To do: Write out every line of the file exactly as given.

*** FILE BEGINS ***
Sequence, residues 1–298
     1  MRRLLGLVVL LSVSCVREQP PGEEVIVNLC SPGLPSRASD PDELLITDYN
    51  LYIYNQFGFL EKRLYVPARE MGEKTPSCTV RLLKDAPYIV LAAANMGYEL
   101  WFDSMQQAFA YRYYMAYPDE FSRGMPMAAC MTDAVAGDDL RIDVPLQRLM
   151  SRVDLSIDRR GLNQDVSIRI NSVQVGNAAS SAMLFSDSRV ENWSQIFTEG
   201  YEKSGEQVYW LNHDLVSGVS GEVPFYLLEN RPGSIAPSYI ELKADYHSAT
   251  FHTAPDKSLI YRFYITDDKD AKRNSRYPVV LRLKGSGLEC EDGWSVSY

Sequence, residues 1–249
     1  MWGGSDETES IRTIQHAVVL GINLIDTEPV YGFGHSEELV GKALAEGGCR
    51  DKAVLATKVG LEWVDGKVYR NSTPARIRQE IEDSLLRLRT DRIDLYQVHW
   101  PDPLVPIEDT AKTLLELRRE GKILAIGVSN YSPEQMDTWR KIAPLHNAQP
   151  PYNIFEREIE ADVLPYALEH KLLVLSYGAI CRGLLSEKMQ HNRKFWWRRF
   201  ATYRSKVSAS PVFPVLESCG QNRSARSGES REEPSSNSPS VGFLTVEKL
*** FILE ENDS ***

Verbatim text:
Sequence, residues 1–298
     1  MRRLLGLVVL LSVSCVREQP PGEEVIVNLC SPGLPSRASD PDELLITDYN
    51  LYIYNQFGFL EKRLYVPARE MGEKTPSCTV RLLKDAPYIV LAAANMGYEL
   101  WFDSMQQAFA YRYYMAYPDE FSRGMPMAAC MTDAVAGDDL RIDVPLQRLM
   151  SRVDLSIDRR GLNQDVSIRI NSVQVGNAAS SAMLFSDSRV ENWSQIFTEG
   201  YEKSGEQVYW LNHDLVSGVS GEVPFYLLEN RPGSIAPSYI ELKADYHSAT
   251  FHTAPDKSLI YRFYITDDKD AKRNSRYPVV LRLKGSGLEC EDGWSVSY

Sequence, residues 1–249
     1  MWGGSDETES IRTIQHAVVL GINLIDTEPV YGFGHSEELV GKALAEGGCR
    51  DKAVLATKVG LEWVDGKVYR NSTPARIRQE IEDSLLRLRT DRIDLYQVHW
   101  PDPLVPIEDT AKTLLELRRE GKILAIGVSN YSPEQMDTWR KIAPLHNAQP
   151  PYNIFEREIE ADVLPYALEH KLLVLSYGAI CRGLLSEKMQ HNRKFWWRRF
   201  ATYRSKVSAS PVFPVLESCG QNRSARSGES REEPSSNSPS VGFLTVEKL